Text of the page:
By all accounts, the young woman’s relationship with Fulmore proceeded from a foundation of kindness.
“They met one day when she and her little girl were walking near her residence,” reads a narrative base on an August 2004 internal affairs interview with the woman. “The basis of their relationship is a friendship in which they would talk about every two months. Detective Fulmore would help her get personal problems sorted out. She advised he has never promised her or any of her friends any legal assistance. She has never met Detective Fulmore while he was on duty that she was aware of, and she has never been inside his city vehicle. Ms. Davis stated that she has never seen Detective Fulmore with drugs or known him to do or have any drugs. She also stated she has never used drugs mainly because of a diabetic medical condition.”
Cpl. N. Davis and Cpl. RL Walton of internal affairs had come in behind Detective Scott Sanders and Detective Brian Bissett, whose intelligence activities were intended to gather evidence to support possible criminal charges. Internal affairs is charged with conducting administrative investigations in matters that do not meet the threshold of criminal conduct.
Fulmore’s friend told internal affairs investigators that shortly after the tryst, three white police officers had come to her apartment on Overland Heights, and she reported being subjected to threats and harassment. There is some discrepancy in accounts of the timing of the three white officers’ visit: An unsigned intelligence file indicates that they first interviewed the woman at her apartment on June 7, five days after the hotel incident, but she later told internal affairs investigators that they came to talk to her the day after the tryst.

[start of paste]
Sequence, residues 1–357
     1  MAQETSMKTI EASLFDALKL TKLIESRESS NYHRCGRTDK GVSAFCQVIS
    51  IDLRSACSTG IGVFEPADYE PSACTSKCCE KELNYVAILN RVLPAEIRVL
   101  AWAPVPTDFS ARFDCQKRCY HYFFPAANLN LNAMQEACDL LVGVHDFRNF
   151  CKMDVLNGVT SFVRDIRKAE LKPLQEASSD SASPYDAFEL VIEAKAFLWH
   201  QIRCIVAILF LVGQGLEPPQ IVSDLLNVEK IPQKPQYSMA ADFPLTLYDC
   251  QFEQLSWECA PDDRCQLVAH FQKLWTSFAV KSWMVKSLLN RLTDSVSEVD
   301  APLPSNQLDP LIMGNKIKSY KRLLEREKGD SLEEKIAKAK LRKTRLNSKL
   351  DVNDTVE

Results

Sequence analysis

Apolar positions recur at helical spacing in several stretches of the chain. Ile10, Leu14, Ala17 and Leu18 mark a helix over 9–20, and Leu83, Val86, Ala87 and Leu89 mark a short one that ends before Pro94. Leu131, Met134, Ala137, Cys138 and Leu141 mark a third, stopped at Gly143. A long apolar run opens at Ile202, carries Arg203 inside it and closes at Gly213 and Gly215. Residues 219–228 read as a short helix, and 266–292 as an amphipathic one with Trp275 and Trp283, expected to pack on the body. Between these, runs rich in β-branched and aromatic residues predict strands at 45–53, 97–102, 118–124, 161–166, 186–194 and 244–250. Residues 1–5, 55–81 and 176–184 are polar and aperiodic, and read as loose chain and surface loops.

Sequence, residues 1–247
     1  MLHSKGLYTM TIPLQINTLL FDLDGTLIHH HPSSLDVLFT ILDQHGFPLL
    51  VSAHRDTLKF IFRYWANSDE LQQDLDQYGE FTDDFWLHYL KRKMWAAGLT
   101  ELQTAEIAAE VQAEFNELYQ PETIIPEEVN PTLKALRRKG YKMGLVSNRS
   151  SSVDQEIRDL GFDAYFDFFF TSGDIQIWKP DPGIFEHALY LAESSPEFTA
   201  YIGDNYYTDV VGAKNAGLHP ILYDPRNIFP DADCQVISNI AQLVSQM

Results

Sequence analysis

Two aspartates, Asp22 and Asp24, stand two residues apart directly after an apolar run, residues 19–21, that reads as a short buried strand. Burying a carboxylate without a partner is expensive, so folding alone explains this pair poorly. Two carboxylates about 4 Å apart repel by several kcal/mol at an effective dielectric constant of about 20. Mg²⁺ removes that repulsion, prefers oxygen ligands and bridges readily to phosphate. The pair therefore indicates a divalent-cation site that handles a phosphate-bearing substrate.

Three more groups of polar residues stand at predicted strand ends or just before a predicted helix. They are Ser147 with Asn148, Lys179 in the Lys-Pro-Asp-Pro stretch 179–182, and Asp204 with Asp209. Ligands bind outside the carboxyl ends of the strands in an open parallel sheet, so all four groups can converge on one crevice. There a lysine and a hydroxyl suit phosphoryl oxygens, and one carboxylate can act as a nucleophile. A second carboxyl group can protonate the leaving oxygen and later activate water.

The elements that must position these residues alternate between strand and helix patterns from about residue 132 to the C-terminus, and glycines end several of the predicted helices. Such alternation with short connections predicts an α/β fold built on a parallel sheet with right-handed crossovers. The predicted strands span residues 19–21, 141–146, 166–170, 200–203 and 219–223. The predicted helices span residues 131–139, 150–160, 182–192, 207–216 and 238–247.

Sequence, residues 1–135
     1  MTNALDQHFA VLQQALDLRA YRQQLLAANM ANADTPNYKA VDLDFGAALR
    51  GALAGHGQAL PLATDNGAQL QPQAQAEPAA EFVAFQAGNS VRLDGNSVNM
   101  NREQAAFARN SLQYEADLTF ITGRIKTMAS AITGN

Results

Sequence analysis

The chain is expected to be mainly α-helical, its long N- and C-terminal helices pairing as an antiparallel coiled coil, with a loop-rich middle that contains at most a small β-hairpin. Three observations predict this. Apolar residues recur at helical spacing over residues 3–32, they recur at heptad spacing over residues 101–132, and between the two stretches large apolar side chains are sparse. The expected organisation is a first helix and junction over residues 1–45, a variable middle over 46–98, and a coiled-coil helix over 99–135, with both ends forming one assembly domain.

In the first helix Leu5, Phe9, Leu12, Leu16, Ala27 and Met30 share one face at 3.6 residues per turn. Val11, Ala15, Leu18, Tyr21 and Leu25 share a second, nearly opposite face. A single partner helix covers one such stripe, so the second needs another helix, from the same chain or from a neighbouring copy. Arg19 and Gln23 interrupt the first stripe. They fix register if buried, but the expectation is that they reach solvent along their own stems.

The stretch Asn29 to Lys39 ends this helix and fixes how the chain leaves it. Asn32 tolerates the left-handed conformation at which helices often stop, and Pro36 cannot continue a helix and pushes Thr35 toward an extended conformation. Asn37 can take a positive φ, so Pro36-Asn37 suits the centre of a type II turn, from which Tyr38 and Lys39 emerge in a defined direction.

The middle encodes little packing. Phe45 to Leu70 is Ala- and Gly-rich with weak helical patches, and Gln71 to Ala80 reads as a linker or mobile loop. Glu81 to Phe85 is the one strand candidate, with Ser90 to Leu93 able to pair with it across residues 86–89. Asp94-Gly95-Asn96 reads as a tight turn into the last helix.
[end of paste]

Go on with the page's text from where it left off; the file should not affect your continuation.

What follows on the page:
“[The police officers] advised her Detective Fulmore was in big trouble because drug residue and paraphernalia was found in the hotel room,” the narrative reads. “She informed the officers she never saw any drugs in the room and she did not think there was any way there could have been. She stated they told her if she lied to them they were going to take her down with him, and everyone would find out. She stated they also informed her they would charge her with obstruct and delay and “put her name out there.'”
While trying to substantiate allegations of a sexual liaison between Fulmore and Weidman, the investigators appeared to be also trying to determine whether his relationship with the female friend might meet the definition of prostitution.
“The officers inquired if Detective Fulmore had ever given her any money, and she replied he would give her twenty dollars here and there to help out with things like her medical condition,” the narrative reads. “Ms. Davis advised a few days later, the officers came to her mother’s residence and told her she had to take a lie detector test.” The officers reportedly told the woman’s mother that “someone had been cooking drugs” in the hotel room, and the woman reported that several weeks later her boyfriend returned home angry “because the officers went to his home inquiring about Detective Fulmore.”